Out of Gate is an initiative in which providers (including the National Urban Māori Authority) work with short-serving and remanded prisoners to help them reconnect with their whanau and community and every aspect of their reintegration into the community. The work begins with release planning inside prison, and continues as case management support once they are released. The Department achieves an 8.5 per cent effect size for Māori prisoners who complete the "Out of Gate" programme. This compares to a 6.2 per cent RQ re-imprisonment effect size for all prisoners who complete the "Out of Gate" programme (Māori and non- Māori).

Tiaki Tangata is a Māori -focussed, whanau-centric integration programme that supports long-serving Māori offenders who are being released from prison to transition successfully back to their local community. It is delivered entirely by Māori service providers, most of whom are part of Whanau Ora collectives with an empowering manakitanga and whanaungatanga framework.

Whare Oranga Ake focuses on reintegrating prisoners who identify as Māori by using a kaupapa Māori environment to strengthen the cultural identity of participants. The Department has two Whare Oranga Ake units. The units are for minimum security male prisoners and are located outside the prison's perimeter fence.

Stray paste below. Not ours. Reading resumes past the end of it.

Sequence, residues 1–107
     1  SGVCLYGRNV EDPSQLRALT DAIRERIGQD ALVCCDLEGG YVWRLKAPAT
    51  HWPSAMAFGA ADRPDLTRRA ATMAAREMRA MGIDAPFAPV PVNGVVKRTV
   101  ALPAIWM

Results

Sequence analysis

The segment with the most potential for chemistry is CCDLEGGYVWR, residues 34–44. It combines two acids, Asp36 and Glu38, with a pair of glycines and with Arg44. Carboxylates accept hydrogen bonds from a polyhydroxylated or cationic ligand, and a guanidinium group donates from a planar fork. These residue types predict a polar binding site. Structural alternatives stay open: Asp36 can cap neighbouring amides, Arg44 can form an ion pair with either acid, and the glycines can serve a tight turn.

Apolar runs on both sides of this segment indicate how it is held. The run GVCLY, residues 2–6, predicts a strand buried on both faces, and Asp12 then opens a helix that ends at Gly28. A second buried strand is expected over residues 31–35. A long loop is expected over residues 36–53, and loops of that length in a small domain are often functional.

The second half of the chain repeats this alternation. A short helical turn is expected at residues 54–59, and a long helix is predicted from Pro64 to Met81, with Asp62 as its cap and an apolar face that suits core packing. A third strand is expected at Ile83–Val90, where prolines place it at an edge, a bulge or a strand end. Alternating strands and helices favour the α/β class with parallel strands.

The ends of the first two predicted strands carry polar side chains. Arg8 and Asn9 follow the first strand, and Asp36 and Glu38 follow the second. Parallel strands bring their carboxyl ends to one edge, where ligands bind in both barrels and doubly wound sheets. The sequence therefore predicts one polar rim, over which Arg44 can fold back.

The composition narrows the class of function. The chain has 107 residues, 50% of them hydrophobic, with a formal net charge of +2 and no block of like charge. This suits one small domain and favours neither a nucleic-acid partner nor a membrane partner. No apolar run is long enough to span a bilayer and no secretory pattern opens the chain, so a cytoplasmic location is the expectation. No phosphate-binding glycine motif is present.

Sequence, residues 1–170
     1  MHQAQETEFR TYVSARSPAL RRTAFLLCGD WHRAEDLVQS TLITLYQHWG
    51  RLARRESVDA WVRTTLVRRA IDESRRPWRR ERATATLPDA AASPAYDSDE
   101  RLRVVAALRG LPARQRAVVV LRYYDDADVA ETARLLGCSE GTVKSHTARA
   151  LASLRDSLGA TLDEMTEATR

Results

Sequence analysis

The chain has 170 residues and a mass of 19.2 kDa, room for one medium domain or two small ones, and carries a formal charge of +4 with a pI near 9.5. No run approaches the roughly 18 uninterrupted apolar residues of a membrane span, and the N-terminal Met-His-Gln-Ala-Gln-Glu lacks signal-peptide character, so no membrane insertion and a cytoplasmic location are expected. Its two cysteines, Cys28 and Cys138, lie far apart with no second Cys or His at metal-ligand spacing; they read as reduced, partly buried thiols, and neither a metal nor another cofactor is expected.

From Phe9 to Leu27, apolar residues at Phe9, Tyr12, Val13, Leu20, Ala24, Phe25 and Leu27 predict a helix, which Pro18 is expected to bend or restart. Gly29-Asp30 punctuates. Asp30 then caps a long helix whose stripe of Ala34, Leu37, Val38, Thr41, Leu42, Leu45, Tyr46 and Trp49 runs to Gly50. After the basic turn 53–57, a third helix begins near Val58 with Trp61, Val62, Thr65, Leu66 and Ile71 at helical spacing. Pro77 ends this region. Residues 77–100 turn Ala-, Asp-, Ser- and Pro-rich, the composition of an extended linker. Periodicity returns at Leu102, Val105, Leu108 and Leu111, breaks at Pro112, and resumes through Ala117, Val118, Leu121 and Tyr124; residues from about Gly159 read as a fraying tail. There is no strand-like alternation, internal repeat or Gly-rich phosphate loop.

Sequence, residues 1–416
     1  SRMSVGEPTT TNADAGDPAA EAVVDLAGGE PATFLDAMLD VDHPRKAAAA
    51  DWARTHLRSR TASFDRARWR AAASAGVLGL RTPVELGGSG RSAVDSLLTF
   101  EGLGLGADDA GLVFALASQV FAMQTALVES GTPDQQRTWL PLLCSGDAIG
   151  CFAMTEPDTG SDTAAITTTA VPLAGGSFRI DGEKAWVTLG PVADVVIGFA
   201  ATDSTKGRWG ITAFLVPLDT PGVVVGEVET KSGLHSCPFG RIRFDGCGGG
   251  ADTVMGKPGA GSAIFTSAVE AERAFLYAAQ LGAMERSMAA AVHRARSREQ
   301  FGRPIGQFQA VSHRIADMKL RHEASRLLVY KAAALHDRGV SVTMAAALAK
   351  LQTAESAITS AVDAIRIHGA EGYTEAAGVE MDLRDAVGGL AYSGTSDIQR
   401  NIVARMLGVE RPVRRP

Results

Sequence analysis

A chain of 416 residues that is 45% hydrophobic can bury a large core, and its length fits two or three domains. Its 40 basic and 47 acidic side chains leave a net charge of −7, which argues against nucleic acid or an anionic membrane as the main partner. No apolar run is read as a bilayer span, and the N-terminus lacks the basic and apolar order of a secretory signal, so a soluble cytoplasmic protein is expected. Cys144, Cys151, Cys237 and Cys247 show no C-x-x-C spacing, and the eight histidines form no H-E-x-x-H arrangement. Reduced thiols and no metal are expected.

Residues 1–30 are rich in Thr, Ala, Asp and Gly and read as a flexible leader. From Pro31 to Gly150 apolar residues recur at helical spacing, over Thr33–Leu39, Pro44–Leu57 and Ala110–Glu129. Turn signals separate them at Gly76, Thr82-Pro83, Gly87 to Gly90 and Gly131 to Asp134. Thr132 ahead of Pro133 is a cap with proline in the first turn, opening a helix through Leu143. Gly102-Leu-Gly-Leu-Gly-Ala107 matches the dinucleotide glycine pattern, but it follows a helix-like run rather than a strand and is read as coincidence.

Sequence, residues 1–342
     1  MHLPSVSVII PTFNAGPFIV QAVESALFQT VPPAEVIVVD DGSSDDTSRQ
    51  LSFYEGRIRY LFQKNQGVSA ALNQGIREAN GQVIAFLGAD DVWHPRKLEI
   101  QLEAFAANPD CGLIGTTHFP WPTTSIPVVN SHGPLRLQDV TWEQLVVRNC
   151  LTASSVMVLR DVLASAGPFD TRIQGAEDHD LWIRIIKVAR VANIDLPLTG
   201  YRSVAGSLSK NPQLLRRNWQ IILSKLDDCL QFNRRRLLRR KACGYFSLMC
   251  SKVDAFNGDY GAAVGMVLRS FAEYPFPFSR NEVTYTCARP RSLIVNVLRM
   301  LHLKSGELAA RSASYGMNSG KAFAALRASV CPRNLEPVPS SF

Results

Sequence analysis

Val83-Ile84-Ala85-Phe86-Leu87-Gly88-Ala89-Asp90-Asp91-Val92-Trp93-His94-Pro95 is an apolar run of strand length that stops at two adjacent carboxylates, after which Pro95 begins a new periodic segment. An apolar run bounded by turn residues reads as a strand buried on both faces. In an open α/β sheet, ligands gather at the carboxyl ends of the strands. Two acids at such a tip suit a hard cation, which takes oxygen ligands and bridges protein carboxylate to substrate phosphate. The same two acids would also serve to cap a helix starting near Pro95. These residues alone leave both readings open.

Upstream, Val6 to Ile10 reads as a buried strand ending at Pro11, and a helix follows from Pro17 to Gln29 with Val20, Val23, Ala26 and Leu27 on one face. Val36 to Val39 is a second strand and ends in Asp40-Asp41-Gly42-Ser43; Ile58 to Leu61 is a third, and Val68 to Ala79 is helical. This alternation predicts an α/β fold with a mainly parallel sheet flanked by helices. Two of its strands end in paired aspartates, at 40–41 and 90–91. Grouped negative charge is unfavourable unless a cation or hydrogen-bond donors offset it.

The Rotorua, Tokoroa and Taupo programmeis a reintegration service that provides mentoring support and accommodation and employment outcomes to offenders who have an enduring connection to these geographical areas.

The Department is constantly assessing whether its services, including Māori specific services, are effective in reducing re-offending for all participants.

The Department's engagement with Māori

The Department has a variety of formal and informal relationships with Māori groups, through which the Department engages Māori at both an operational and strategic level.

Formal relationship agreements

The Department has formal relationship agreements with Māori. Some of these relationships have arisen out of negotiations for the settlement of historical Treaty of Waitangi claims, others have developed in different ways: